Although earlier international races were conducted between crews from ships visiting Australia, the first inter colonial racing took until 1833. The early rowing history of Australia can be found in the significant events chapter.
The following early history of intercolonial competition is provided by John Lang in his book The Victorian Oarsman published in 1919:
Before 1878, various boat races between the Australian Colonies had taken place in four-oared gigs, but in the year 1878 the first boat race in eights, between any of the Colonies, was rowed when Victoria defeated New South Wales. The earliest race recorded between crews of different colonies was conducted on 9 November 1833 when a Sydney crew defeated a Hobart Town crew in whalers. The race was very popular and caused quite a stir.
However the earliest Intercolonial amateur boat race with a distinct Intercolonial character was rowed in 1863 in gigs over a three-mile course on the Parramatta River, N.S.W. The N.S.W. four defeated Victoria (time, 19 min. 25 sec.). In this race the crews were of a representative character, and each crew bore the name of its colony. The Victorian crew was made up of members from the Elswick, Melbourne, and Melbourne University Clubs.
After the race the differences about the amateur status of oarsmen in the two Colonies became accentuated, Victoria alleging the New South Wales crew was to all intents and purposes watermen, having rowed against watermen and for money prizes. The Victorian definition excluded both sorts of oarsmen from amateur competition.
For some years this break continued, preventing competition by crews really representing the Colonies, though club crews frequently raced in Intercolonial matches, the crews being club crews charged more or less with a mission to win the honours for their Colony.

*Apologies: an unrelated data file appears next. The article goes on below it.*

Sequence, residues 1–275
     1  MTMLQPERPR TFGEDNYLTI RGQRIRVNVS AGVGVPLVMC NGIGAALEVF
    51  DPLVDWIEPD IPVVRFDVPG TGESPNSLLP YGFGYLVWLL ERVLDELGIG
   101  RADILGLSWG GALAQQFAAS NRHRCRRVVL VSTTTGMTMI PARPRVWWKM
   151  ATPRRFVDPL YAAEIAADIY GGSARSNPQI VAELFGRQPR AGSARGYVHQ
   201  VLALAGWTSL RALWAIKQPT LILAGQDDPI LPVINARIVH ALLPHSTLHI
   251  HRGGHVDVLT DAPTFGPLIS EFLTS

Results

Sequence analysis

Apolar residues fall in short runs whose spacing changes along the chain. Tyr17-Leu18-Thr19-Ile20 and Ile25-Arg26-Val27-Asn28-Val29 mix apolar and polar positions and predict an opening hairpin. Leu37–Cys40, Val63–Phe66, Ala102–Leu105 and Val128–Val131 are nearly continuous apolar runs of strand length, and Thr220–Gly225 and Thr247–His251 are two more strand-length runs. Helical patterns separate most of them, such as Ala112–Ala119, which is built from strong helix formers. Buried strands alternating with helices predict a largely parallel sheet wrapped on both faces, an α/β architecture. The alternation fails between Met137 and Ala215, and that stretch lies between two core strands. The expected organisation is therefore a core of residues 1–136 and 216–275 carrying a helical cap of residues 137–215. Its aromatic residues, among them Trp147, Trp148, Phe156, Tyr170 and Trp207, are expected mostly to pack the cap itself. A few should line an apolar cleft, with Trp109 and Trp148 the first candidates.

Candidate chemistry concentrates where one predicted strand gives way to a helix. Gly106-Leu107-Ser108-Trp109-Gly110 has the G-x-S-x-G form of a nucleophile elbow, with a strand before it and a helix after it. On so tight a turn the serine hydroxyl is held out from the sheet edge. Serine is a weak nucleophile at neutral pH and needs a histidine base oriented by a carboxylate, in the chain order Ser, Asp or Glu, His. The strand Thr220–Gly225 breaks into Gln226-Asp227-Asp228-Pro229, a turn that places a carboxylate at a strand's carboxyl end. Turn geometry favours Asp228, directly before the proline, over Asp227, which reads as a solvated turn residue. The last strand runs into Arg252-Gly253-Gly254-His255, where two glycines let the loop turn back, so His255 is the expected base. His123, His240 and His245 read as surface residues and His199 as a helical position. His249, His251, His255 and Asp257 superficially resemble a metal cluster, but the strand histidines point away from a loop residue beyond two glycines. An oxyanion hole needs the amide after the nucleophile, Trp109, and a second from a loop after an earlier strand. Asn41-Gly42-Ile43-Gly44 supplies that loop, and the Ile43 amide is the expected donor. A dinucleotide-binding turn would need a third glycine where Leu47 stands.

In 1870 a race took place at the Balmain Regatta, N.S.W., which the New South Wales crew won against Tasmanian crews, Victoria not being represented.
In 1872 a race was rowed over a five-mile course on the Derwent River, Tasmania, the Sydney Rowing Club winning against the Parramatta Rowing Club, some Hobart Club crews, and one from the Barwon Rowing Club, the time for, the course being 36 min. 30 sec.
The same year over a 7,000-yard course on Sydney Harbour, two crews from the Sydney Rowing Club beat a Victorian crew (of an Intercolonial character, the crew being composed of members of various clubs, among whom were members of the Civil Service, University, and Melbourne Rowing Clubs). The 1872 regatta was a highlight of early colonial life with some 20,000 spectators watching the event and much press coverage.
Next year (1873) Victoria secured the first win with another non-club four (Melbourne, Melbourne University and Warehousemen). The other crews in the race were club crews, comprising two from Ballarat, a Sydney Rowing Club crew, and crews from Hobart Town and Geelong. The race was rowed over about four miles on the Lower Yarra — time, 25 min. 30 sec. This race is generally recognised as the first "official" Intercolonial match.
After much debate between Victoria and New South Wales over the amateur definition, a race was organized in 1874 over the Parramatta championship course, 3 miles 300 yards; time, 21 min: 59 sec. New South Wales won easily before a crowd of some 15,000 spectators and much press coverage.
For some years after this no such meetings took place until, at the New South Wales Regatta, 1888, a Victorian four, which Mr. George E. Upward stroked, beat New Zealand, New South Wales, and Tasmania in that order. The last of the Intercolonial four-oar races was rowed (in outriggers) on the Parramatta in 1896, over 2.25 miles; Victoria first, New Zealand second, New South Wales third.
John Lang writes that:
The 1873 and 1874 gig races were the first races of a character where the crews were representing their respective colonies, the other events before this date being more or less competitions between clubs or combination crews from the various colonies.